Before we had this heap usage monitor, if a customer environment got stuck in a garbage collection loop, then the customer would need to create a ticket with our Support team, and an engineer would need to manually restart the Java process. After the heap usage monitor went live, it felt pretty cool not just to remove the need for our engineers to do manual work, but in some cases the monitor was able to resolve the issue before the customer noticed a problem!
Project ownership and making an impact
This brings me to the next great thing about the Cloud team: ownership of your projects and the opportunity to make an impact right from the start. This is not your average software engineering role where junior engineers will be assigned tickets and write code to match some existing specifications. Instead, engineers on the Cloud team own their projects end-to-end, either individually or sometimes with one or two colleagues. Less experienced engineers are often supported by a more senior engineer who acts as a mentor, but even from the start, junior engineers have the same opportunity to take ownership of their projects. Taking ownership of a project includes everything from meeting with stakeholders and gathering requirements, agreeing on the scope, researching and designing the solution, implementing and testing the solution, and deploying to production. This means we are not just focused purely on implementation details, but we need to be aware of the big picture of the problem we are solving.
In the Java heap usage monitoring project I mentioned above, it was very rewarding as a new engineer on the team to be able to deliver a feature that made a tangible impact for our customers. A lot of engineering roles say “engineers on our team make a real impact”, but we don’t just say it — we encourage everyone on the team to use data to measure the impact of their projects! A few weeks after releasing the feature, we gathered data on the script performance and we were able to see that the heap usage monitor reduced downtime due to this issue by 80%. How’s that for making an impact?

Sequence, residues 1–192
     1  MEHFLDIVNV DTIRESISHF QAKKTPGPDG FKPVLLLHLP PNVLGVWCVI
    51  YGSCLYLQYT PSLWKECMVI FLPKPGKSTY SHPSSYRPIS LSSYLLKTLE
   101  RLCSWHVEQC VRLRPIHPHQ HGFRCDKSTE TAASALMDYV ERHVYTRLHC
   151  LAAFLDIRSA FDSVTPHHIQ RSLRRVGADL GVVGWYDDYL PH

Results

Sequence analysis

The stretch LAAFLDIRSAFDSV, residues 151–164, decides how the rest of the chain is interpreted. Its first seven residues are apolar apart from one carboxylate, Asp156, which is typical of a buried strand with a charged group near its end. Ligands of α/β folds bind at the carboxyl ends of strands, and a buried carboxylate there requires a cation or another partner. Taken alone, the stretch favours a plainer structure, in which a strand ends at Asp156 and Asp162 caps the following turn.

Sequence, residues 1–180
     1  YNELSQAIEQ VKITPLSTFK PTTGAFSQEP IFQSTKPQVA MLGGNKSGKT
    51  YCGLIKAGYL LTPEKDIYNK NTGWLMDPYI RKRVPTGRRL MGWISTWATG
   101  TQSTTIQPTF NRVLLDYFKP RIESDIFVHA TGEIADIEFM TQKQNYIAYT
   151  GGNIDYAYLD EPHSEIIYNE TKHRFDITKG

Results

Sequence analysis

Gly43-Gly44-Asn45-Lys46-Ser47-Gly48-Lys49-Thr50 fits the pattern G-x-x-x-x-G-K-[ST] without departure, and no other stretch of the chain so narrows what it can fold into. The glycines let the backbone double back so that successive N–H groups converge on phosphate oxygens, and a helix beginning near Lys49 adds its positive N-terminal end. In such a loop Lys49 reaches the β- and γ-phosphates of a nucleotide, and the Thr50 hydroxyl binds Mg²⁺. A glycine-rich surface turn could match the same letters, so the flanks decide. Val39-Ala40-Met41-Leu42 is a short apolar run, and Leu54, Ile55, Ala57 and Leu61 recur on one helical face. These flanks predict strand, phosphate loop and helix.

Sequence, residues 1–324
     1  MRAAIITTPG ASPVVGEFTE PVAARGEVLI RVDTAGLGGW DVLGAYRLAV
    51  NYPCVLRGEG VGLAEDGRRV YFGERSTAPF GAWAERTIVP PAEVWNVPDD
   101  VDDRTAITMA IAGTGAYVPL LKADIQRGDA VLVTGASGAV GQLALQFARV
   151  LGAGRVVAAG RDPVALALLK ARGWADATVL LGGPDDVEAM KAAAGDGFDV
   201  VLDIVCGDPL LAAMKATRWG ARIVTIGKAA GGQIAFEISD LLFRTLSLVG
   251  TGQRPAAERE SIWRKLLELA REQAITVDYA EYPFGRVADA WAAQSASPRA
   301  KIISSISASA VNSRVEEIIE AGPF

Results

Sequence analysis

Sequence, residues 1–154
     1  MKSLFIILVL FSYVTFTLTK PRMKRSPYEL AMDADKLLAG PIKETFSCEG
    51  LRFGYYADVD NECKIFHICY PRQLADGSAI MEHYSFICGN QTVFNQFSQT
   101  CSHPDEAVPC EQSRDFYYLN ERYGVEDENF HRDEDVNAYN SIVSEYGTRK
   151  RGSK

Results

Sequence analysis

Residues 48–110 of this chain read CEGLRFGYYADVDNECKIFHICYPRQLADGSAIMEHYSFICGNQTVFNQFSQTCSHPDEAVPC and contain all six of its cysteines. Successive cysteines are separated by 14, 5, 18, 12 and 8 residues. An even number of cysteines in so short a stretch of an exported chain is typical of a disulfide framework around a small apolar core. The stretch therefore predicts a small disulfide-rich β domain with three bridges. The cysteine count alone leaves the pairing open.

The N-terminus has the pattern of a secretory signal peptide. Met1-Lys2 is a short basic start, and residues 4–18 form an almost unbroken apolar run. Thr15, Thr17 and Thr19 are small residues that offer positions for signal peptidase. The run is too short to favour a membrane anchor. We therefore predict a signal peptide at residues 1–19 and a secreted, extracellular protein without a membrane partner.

My personal journey on the Cloud Team
Over the last 3 years on the Cloud team, in addition to the Java heap usage monitoring feature, I’ve been able to work on projects including allowing our customers’ data to be securely backed up to a secondary geographical region, the ability to patch a system running a highly available database without downtime, an automated system to allow our product engineering team to test new releases on copies of real customer workloads, and an overhaul of the processes managing some of our core infrastructure to allow us to more easily create production-like environments for testing, just to name a few.
Working on the Appian Cloud team has given me the opportunity to tackle a wide range of interesting projects. I have found it very rewarding to own those projects end-to-end and be able to see the real impact I could make, and I’m looking forward to the new and exciting challenges we will work on in the future. If these sound like the kind of challenges you’d be interested to tackle as well, you’ll be happy to hear that we are hiring!